Walking football: The sport making giant strides

Walking football has grown rapidly and kicked-off a new lease of life for thousands of people. But what’s the secret to its success?

Tommy Charlton always hoped to emulate his famous brothers Bobby and Jack and represent England at football… but not quite like this.

By his own admission, the 78-year-old never had the talent of World Cup-winner Bobby or Jack, a fellow England international.

But he has a strong passion for the game. Which is why, twice a week, the great-grandad turns out for Mature Millers to play a growing variation of the national game… walking football.

And when the first-ever international walking football match took place – England Over-60s against their Italian counterparts – Tommy was able to take his own unique piece of footballing history.

“I didn’t want to be selected because of my name or famous brothers, and people appreciated me for saying that,” recalls Tommy.

Tommy Charlton with his son-in-law and grandsons Alex and William. Picture: Tommy Charlton

“I was more determined not to make a fool of myself and to get it right. I didn’t score but it was wonderful, absolutely amazing.”

Bobby and Jack were both still alive when he represented England in 2018.

“I’ve been proud of them all my life,” said Tommy, who has lost both his siblings in the last four years. “Bob was the best player in the world and Jack was in the team of the world in 1966 so it’s quite a target to match! And I just hope they were proud of me.

“Bob was very supportive and was involved in saying, ‘Be very careful.’ Jack was saying, ‘You silly old B!’ But I think Jack was proud as well, it was just the way he was.”

Tommy started playing walking football not long after it was established in 2010.

Image courtesy of Tina Jenner

The brainchild of John Croot, there are now more than 60,000 players in England, primarily those aged 50 and above and often in leisure centres or on five-a-side pitches.

“I thought, ‘What’s the major barrier to those over 50? Running. So what about if we do it walking,’” said Croot, 59, who is CEO of League Two outfit Chesterfield FC. 

He says some laughed when he told them his initial idea but its popularity quickly grew, fuelled by a segment on Sky Sports News and a grant from the EFL.

And the sport has grown in other countries, too – something which has been a huge surprise to the sport’s founder John.

“In the last week I’ve been contacted by people from Singapore and Chile, asking me about the rules and enquiring about other groups,” said John. “In Malaysia it seems to be popular. It’s surreal – I wish we patented it!”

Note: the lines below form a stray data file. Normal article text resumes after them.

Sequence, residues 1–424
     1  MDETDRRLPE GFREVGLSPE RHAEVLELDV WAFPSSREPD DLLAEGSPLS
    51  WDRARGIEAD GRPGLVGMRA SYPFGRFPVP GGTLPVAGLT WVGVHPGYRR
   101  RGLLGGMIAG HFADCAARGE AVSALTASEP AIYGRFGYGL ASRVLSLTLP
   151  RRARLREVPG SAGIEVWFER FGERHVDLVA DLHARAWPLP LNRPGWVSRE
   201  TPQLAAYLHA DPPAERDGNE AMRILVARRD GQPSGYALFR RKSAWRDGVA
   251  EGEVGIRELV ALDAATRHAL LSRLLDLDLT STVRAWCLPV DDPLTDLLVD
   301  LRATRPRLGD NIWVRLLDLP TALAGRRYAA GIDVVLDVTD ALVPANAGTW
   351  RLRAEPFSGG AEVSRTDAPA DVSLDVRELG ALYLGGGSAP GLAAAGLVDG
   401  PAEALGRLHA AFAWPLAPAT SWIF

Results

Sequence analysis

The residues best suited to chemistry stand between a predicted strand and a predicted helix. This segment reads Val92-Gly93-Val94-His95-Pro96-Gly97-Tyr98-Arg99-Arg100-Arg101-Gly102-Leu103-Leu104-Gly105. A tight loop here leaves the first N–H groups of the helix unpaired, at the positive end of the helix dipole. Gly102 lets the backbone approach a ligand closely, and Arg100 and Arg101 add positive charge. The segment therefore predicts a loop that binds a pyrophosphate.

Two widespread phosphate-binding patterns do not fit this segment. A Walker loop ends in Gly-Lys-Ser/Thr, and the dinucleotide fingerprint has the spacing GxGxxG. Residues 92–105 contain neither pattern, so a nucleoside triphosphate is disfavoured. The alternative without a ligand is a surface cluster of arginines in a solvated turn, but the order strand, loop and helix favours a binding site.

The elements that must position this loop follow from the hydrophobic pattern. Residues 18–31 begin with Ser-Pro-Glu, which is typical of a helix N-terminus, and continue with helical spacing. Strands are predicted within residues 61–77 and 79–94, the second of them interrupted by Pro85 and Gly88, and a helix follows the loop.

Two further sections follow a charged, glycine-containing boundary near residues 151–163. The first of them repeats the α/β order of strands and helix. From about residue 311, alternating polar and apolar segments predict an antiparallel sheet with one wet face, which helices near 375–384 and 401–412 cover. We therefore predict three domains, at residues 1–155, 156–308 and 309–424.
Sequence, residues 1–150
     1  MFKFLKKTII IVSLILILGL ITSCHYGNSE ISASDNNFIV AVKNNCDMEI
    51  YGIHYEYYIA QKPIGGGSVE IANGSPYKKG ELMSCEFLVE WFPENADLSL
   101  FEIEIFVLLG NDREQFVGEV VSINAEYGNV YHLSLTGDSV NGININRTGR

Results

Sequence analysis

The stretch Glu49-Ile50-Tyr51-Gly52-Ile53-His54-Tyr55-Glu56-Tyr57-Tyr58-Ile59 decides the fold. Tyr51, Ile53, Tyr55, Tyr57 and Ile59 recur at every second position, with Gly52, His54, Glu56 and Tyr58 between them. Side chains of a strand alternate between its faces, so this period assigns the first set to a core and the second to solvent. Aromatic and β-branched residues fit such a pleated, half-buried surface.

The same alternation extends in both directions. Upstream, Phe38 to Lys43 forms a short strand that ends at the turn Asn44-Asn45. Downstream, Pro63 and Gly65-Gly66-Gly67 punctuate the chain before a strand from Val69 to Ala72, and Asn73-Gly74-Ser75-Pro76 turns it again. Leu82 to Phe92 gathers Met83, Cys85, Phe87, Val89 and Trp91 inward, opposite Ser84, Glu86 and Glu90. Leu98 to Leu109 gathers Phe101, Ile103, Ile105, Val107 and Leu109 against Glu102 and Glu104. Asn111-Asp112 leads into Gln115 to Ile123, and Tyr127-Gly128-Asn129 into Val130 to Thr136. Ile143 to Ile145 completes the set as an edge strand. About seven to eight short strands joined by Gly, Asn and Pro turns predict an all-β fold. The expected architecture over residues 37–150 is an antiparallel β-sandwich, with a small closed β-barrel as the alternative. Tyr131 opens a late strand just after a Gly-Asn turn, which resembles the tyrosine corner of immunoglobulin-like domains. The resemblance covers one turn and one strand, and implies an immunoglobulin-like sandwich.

He says it has also been the catalyst for other walking sports. 

“There is now walking netball, walking rugby and the NY Times said walking basketball is big in America – and all are derivative from walking football,” he added.

The reason for its popularity? 

It offers people a chance to get together, keep fit and play a sport they love without the need for speed or the risk of injuries.

People like Mark Rice. The 58-year-old has been playing for two years and credits the sport with helping him during his own dark time.

“Walking football has helped me with bereavement I have had and keeps me going and keeps me strong,” he said.

“My mum, dad and brother have all passed away within the last three years and having this really helped me push through those difficult times.

“It’s not the fact it helps with dealing with the losses of others, the sport has many other benefits too.
“You can scream in there, let emotions out, relieve stress, it all helps so much.”

John Whittingham can relate. For him, walking football means much more than fitness and fun.

Having lost his wife to multiple sclerosis, the 74-year-old now faces his own health battle.

“Doctors found cancer in my prostate,” said  grandad-of-two John, who will next week discover his course of treatment. “But I have to keep fit, I have to keep going.”

Which is why, every Wednesday he joins Mark at the Irlam and Cadishead Leisure Centre to play football. Football, without the running.

Image courtesy of Tina Jenner

“First time I came down, it was because one of my friends had been mithering me to give walking football a shot,” he said. “But I got so much enjoyment out of it.

“There’s so many stories of other people too, I thought I was the only one… but from strokes to cancer everyone is fighting a battle.

“The sport has helped us all.”

People aged 50 and over are more likely to be lonely if they do not have someone to open up to, are widowed, or are in poor health, according to a report by charity Age UK.

And walking football’s slower pace can also help those recovering from, or living with, illness or health conditions.

Jennifer Gardner, Associate Director for Stroke Association in the North West, said: “I’m really pleased that some of the people we support go on to play in the walking football teams in Greater Manchester.

“In addition to exercise supporting people to recover from the effects of stroke, physical activity also reduces the risk of having another stroke.

“Regular exercise including walking, and sporting activity, can improve strength and stamina, and the social interaction which often comes with sport, can help beat the isolation and loneliness associated with stroke.”

In walking football, players must have one foot on the ground at all time, the ball can’t go over head-height and there are no offsides.

Tommy Charlton said: “I’ve played against some professionals and they find it difficult not to run and to not play the ball over head height.”

But the goals, and the celebrations, are just the same.

John, the sport’s founder, added: “One of my friends said to me, ‘I’ve not played for years, but when you score a goal, it feels the same at 80 as if you’re eight.” 

Feature image courtesy of Tina Jenner

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